And don’t forget to pay it forward. When this client had too much work for me, I referred him to a friend of mine who transcribes cases in family court. Not only that, but she worked with me for several years and I knew I could rely on her to meet deadlines. Boom! He is sending her work when I’m overloaded.

        • Carol Tice

          Hi Lisa —

          I too have gotten some very good gigs through my LinkedIn profile. Stuff it with relevant terms, all!

          It feels great to be able to send other writers good gigs, doesn’t it? I’ve been lucky enough to be in that position quite a few times in the past few years, and I love it when I’m able to refer writer friends and mentees to gigs.

          Another option is to submit the overflow need to the LinkedIn group Writeful Share…set up just for that.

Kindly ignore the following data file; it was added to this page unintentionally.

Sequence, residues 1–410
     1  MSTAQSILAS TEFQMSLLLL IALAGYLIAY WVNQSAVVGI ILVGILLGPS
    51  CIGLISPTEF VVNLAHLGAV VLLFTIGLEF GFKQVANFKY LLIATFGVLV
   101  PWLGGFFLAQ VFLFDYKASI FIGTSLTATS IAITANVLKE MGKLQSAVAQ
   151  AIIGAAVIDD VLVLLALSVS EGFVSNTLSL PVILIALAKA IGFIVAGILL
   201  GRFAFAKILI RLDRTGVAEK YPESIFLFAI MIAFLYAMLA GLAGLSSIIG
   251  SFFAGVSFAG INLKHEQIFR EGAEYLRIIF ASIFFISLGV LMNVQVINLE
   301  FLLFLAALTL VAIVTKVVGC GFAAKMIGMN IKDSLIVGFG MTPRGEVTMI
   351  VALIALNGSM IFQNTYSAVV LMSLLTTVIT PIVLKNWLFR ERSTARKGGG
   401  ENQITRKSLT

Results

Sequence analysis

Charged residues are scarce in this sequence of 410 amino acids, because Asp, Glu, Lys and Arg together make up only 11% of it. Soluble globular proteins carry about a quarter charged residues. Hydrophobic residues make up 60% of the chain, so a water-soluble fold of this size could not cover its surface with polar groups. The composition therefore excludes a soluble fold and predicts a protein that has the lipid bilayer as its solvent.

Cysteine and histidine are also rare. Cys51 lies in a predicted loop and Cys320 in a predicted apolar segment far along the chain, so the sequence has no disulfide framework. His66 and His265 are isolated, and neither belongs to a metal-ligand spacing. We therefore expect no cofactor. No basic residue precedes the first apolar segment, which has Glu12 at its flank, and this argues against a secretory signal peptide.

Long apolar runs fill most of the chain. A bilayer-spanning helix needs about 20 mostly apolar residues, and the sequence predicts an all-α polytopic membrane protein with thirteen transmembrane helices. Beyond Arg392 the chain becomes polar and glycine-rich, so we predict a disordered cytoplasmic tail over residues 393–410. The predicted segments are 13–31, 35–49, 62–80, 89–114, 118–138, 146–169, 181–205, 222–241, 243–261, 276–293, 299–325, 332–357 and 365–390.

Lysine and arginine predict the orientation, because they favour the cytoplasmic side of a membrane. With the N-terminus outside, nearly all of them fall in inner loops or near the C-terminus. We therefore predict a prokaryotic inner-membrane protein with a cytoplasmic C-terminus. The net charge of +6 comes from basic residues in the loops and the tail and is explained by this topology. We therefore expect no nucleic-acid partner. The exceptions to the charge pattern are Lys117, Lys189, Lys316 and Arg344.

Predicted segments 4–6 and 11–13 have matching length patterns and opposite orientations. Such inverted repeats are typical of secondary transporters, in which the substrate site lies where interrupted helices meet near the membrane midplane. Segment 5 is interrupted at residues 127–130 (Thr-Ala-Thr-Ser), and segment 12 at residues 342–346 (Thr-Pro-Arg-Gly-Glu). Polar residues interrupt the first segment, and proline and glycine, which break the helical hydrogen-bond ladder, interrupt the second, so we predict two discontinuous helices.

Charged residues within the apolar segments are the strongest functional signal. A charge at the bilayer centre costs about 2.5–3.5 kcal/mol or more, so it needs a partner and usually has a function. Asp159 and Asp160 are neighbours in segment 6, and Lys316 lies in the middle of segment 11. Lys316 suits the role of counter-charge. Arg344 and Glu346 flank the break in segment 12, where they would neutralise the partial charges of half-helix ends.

2. vonnie

    Hey Carol,

    So glad you do these informative reposts. I swear whenever I’m procrastinating about the job search, you have an inspiring post that invigorates me!

    Question: I was getting ready to send some emails to sites I’d like to write for, but then realized that we’re coming up on a holiday weekend. Should I wait until after July 4th so my emails won’t get lost in the shuffle?


    • Carol Tice

      Hi Vonnie —

      It’s an interesting question…we actually had a big discussion about this issue back in December here.

      Linda Formichelli of Renegade Writer (who’s also my awesome Blast-Off group coaching partner), who’s been in about 100 publications, says you send queries when they’re ready. Don’t get into the game of wondering if it’s a “good time” for the editor.

      Some editors take their laptops on vacation and catch up on email…some won’t look until Tuesday. I tend to get a complex about these things, but I think Linda is right…just keep sending.

      • vonnie

        It makes sense when you say it-lol! Thanks and also thanks for the private message. My name is on the waiting list for the next blast-off. Can’t wait! :>

  3. Kymlee